Whether fans in Minnesota like Jim Harbaugh and his University of Michigan program, the reality of the Wolverines is that they are producing NFL players in bunches. Early on Day 3, Michigan had hit double digits in the number of players drafted for the first time since 1974, when Hall of Fame head coach Bo Schembechler was just in his fifth season at Ann Arbor.
The seventh of Harbaugh’s players to get drafted was linebacker Ben Gedeon, a fourth-round selection of the Vikings.
Gedeon blew up last season in his first year as a starter, registering 106 tackles, 15½ tackles for a loss and 4½ sacks. He was a relentless tackler who climbed his way up draft boards thanks to his playmaking ability.
He credited the type of program that Harbaugh runs at Michigan – a system that prepares players for the rigors of the NFL.
“The way we ran our program at Michigan was like a pro program,” Gedeon said. “A lot of us coming from Michigan are well-prepared and I’m thankful we were able to play for so many coaches that had NFL experience.”
The question surrounding Gedeon is where his ideal spot will be in the Minnesota Vikings linebacker corps. His only year as a starter was at inside linebacker, but he has versatility and believes he can play at a high level at all of the three linebacker positions.
“I played inside for a couple years and also played some outside at Michigan,” Gedeon said. “I feel comfortable in any of the spots in a four-down (linemen) defense and I feel comfortable at multiple spots.”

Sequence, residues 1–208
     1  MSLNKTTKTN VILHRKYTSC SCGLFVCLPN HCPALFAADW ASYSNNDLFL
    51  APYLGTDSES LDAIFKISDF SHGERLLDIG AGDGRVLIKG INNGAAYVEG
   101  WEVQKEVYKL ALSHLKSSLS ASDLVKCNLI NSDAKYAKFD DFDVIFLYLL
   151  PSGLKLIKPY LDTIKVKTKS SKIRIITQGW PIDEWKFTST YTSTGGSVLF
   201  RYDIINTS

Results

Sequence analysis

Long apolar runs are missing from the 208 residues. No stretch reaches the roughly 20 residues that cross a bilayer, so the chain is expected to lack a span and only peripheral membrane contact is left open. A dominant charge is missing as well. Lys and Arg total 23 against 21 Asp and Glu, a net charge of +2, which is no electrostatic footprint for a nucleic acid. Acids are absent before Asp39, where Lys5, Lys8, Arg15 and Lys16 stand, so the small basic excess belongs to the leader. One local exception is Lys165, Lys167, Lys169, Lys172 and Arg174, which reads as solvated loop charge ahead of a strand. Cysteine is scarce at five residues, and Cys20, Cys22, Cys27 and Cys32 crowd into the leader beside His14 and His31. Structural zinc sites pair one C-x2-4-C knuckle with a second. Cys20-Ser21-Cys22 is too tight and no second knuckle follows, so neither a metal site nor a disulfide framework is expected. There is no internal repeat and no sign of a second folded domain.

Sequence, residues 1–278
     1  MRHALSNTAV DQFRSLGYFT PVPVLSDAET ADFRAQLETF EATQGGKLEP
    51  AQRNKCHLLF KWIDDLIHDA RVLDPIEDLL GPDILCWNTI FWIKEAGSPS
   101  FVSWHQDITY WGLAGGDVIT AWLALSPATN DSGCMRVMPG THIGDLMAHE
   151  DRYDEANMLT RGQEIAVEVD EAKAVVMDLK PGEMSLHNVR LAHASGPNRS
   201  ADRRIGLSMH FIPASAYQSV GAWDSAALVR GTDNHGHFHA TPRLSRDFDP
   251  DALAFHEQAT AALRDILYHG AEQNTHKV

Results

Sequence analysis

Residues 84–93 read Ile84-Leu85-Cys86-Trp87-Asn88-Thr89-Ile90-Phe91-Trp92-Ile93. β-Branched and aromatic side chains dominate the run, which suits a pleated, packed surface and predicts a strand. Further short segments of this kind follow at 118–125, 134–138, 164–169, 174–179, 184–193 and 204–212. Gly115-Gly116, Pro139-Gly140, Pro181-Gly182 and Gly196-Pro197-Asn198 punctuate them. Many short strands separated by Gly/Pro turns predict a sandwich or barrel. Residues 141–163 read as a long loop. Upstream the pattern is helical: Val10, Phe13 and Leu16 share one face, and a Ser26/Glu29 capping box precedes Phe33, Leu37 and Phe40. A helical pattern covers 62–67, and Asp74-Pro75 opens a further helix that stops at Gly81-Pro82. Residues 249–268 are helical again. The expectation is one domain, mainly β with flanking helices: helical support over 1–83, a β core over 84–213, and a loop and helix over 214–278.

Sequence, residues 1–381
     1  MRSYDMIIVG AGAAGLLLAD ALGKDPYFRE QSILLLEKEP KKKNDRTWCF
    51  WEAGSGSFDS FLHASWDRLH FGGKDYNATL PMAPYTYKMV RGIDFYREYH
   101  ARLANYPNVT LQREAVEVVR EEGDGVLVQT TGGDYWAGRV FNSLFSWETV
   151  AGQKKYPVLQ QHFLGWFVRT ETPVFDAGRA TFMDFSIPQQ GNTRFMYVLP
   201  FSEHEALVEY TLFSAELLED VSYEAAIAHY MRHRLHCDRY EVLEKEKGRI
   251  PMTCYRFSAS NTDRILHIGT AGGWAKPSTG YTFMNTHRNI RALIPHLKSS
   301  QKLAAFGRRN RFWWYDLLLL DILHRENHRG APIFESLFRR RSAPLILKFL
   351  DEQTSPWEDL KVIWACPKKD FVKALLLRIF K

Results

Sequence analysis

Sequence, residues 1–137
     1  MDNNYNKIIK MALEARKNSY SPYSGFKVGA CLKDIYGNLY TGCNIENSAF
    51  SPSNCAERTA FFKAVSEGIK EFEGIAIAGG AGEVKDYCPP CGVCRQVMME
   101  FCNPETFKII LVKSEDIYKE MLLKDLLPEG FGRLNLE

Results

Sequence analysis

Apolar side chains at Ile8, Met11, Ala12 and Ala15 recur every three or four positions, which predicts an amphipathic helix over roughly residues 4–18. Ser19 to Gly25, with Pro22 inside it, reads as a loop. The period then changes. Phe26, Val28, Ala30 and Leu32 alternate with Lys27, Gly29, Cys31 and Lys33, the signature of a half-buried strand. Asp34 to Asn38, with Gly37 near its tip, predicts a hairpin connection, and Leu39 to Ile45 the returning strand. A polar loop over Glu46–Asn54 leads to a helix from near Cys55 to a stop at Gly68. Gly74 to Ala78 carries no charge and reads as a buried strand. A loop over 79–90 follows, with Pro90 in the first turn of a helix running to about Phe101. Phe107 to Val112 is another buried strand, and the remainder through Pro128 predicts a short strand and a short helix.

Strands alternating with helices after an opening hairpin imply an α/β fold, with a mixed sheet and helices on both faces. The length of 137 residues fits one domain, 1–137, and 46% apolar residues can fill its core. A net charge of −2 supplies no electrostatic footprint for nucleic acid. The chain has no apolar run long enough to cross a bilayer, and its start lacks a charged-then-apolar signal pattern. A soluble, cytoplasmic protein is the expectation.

Head coach Mike Zimmer shared that sentiment.
He saw a lot of game tape on Gedeon and loved what he saw – a kid who chases plays and blows them up when he closes on the ball. Like Gedeon, he believes he doesn’t have to be pigeon-holed as a just a middle linebacker.
“I think he can probably player either,” Zimmer said. “I like the way he plays. I like the way he’s physical at the point of attack. He’s very instinctive. Our linebackers are asked to play all the different spots. If we have to move some guys around, we will.”
Perhaps nothing improved Gedeon’s draft stock more than his performance at the Combine earlier this year.
He was viewed by many as a great college player, but one who overachieved and may struggle with the speed of the NFL. Instead, he wowed scouts with a 4.13 time in the 20-yard short shuttle – the best among linebackers other than teammate Jabrill Peppers, a projected safety who worked out with linebackers in Indianapolis. He also led all linebackers in the weightlifting portion of the workout with 27 reps of 225 pounds.
“I think it was really important, especially the on-field athletic stuff,” Gedeon said. “I think a lot of teams pegged me as a guy that wasn’t too athletic, so I was able to go out there and prove my athleticism and I think it definitely helped me out.”
What Gedeon’s initial role is sure to be as a special teams ace. He was a core special teams player for his first three years at Michigan and excelled on the coverage teams. He likely is going to get an immediate shot to upgrade that phase of the game for the Vikings.
“He played a lot of special teams in his career at Michigan,” Zimmer said. “I watched him quite a bit. This guy, he’s a football player. He loves to the play the game. Those are the kind of guys we’re looking for here.”
But Gedeon isn’t content with just being a special teams player. He wants more and wants to work his way onto the field for the Minnesota defense.
With the retirement of Chad Greenway and the free-agent loss of Audie Cole, there is an opportunity for Gedeon to win over the coaching staff and work his way onto the field sooner than later, which is his ultimate goal.
Does he think he has a chance to make a big early impression?
“Absolutely,” Gedeon said. “I’m excited to get out there and start competing right away. Obviously, I have a great role on special teams, but I’m ready to go out there and compete.”